McDonald’s (MCD) also had a strong day, but CocaCola (KO) shares stumbled to start the year. These two consumer names could be worth watching if the U.S. dollar remains weak, because their products would probably become more affordable for international customers. The dollar index perked up slightly to 96.80 on Thursday but remains near six-month lows. Remember, the downside to a weaker dollar can sometimes be rising commodity prices. If that happens, it might make things rough for companies like MCD and KO, since they’re reliant on commodities.
Not every area performed well Thursday, as small-cap stocks and some of the dividend-paying sectors got slammed. The Russell 2000 small-cap index (RUT) was down moderately at midday and came back by the close, but still fell slightly. Small-caps did OK in 2019, but got outrun by large-caps in 2019. Investors appeared to start 2020 unwilling to let go of that trade, Briefing.com noted.
The other twist Thursday was the strong performance of the bond and gold markets, which continued this odd pattern we’re in where cyclical shares do well along with “defensive” assets. The S&P 500 Index (SPX) momentum might have carried forward into 2020, but so did a precautionary stance some investors appear to be taking.
Some of this could potentially be explained by the fact that while China’s manufacturing data wasn’t too soft, it didn’t meet analysts’ expectations. Concerns that the stock market might be approaching “overbought” territory might also contribute to some of the defensive positioning in bonds and gold. That was before the attack on Iran’s military leader last night, which helped send bonds and gold even higher this morning.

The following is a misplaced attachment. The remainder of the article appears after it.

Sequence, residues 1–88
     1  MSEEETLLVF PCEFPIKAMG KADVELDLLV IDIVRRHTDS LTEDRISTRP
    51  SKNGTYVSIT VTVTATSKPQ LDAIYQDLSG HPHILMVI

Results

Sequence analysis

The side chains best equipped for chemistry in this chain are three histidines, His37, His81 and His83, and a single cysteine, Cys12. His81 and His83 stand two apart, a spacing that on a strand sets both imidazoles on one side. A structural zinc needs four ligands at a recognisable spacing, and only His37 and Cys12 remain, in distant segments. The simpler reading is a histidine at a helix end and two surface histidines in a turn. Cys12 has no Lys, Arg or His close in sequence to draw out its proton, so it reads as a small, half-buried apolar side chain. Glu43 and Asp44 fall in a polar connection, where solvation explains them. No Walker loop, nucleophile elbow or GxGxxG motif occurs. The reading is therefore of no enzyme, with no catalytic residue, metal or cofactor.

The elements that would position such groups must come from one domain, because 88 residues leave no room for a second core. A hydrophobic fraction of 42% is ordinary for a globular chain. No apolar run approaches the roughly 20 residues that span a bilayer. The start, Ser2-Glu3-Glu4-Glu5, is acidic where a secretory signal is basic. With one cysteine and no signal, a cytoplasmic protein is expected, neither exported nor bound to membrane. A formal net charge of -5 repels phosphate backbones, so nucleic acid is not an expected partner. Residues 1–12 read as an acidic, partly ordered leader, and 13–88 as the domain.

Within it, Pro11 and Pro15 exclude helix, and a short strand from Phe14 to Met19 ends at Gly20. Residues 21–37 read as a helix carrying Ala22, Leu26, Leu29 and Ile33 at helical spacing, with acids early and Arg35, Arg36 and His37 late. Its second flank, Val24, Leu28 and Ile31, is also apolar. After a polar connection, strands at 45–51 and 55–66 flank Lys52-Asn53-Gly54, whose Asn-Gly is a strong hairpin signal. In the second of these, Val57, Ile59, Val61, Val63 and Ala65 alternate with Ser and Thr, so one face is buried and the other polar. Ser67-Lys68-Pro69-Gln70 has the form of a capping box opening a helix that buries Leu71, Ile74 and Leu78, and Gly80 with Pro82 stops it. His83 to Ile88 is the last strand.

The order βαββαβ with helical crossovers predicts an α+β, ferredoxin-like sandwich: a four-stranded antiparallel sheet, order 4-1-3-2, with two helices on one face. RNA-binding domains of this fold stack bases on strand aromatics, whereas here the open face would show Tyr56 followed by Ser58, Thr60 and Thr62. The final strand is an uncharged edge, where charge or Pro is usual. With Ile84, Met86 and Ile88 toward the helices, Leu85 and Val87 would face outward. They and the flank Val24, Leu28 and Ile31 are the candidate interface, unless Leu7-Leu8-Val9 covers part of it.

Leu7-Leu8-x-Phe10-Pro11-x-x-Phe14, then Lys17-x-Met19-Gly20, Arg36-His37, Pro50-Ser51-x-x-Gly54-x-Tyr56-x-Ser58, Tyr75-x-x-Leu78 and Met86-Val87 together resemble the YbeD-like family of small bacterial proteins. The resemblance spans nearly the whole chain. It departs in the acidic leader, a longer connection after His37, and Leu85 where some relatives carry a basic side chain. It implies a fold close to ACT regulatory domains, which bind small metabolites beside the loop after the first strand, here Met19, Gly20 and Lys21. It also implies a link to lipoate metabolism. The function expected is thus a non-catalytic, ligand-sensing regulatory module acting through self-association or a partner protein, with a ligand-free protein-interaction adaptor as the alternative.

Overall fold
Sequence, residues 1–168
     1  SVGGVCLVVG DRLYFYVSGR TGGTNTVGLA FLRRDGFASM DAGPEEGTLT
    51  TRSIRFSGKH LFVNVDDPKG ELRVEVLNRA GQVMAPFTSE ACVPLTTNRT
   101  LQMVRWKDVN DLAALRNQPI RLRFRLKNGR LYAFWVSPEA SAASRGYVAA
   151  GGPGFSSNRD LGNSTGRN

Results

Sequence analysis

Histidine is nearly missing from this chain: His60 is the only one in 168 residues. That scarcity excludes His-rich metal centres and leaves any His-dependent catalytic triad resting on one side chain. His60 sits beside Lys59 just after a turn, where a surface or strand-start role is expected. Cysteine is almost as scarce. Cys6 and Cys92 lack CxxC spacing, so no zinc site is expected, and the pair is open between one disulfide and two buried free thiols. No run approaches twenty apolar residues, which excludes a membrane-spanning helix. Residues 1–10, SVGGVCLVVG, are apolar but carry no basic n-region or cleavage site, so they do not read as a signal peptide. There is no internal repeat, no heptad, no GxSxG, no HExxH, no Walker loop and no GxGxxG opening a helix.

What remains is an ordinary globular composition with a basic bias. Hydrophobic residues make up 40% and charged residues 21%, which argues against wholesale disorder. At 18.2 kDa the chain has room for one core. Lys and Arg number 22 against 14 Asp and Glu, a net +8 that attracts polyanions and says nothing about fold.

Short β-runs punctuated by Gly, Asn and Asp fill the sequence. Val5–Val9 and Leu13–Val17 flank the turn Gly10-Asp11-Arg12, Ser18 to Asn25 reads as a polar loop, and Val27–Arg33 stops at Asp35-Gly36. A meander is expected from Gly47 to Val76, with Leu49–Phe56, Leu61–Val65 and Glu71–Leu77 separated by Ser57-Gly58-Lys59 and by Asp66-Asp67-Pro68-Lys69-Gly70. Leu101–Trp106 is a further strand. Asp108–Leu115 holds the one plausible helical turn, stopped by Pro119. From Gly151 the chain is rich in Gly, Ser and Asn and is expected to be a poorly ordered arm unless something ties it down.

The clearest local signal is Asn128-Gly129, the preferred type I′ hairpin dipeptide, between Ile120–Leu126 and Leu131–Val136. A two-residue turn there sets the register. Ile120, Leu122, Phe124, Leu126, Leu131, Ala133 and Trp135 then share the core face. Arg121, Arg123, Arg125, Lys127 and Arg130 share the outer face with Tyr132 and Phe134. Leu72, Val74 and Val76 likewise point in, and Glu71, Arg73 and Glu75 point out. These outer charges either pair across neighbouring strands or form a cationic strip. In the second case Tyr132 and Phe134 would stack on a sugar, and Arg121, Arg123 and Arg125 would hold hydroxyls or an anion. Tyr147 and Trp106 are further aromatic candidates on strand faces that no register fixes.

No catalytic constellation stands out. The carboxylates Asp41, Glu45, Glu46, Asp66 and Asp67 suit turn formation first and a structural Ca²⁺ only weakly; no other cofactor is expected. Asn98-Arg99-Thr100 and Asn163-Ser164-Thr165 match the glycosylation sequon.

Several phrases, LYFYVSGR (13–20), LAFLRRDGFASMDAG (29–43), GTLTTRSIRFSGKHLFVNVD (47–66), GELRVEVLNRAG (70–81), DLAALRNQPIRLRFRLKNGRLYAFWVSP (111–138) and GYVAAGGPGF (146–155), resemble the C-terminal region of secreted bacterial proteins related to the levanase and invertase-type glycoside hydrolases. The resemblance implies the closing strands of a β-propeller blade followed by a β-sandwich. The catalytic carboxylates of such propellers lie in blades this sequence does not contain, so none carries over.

There’s no payrolls report until next Friday (see more below), but the ISM manufacturing index comes out soon after the opening bell today and could be an impact player, especially if it looks weak. Anything below 50% in the headline figure indicates contraction, and last time out in November it was 48.1%. Analysts look for a slight improvement in December to 49%, according to Briefing.com’s consensus estimate.
Maybe keep an eye on auto sales today too as the December figures roll in. With earnings season straight ahead, a robust month for auto and truck purchases might point toward strong quarters for the financial industry as well as automakers and their sub-industries. Relatively low gas prices continue to lure many U.S. car buyers toward larger, more gas-guzzling vehicles, and that’s where many automakers pull in the most profit.
The Federal Open Market Committee’s (FOMC) minutes from its December meeting come out at 2 p.m. ET today, and could provide insight into the Fed’s decision last month to hold rates steady. It also could provide a little clarity into what FOMC officials think about the economic situation heading into 2020.
The minutes are likely to reiterate that policy and the economy are in a “good place.” That seems to be the Fed’s new mantra as it enters 2020.
FIGURE 1: A TALE OF TWO SECTORS: The Technology sector (IXT—purple line) charged out of the starting gate Thursday for the first session of the year, as this one-day chart shows. Utilities (IXU—candlestick) were a different story, plunging more than 1%. The strength in big-name Technology stocks that marked much of December appeared to carry into 2020, at least on day one. Data Source: S&P Dow Jones Indices. Chart source: The thinkorswim® platform from TD Ameritrade. For illustrative purposes only. Past performance does not guarantee future results.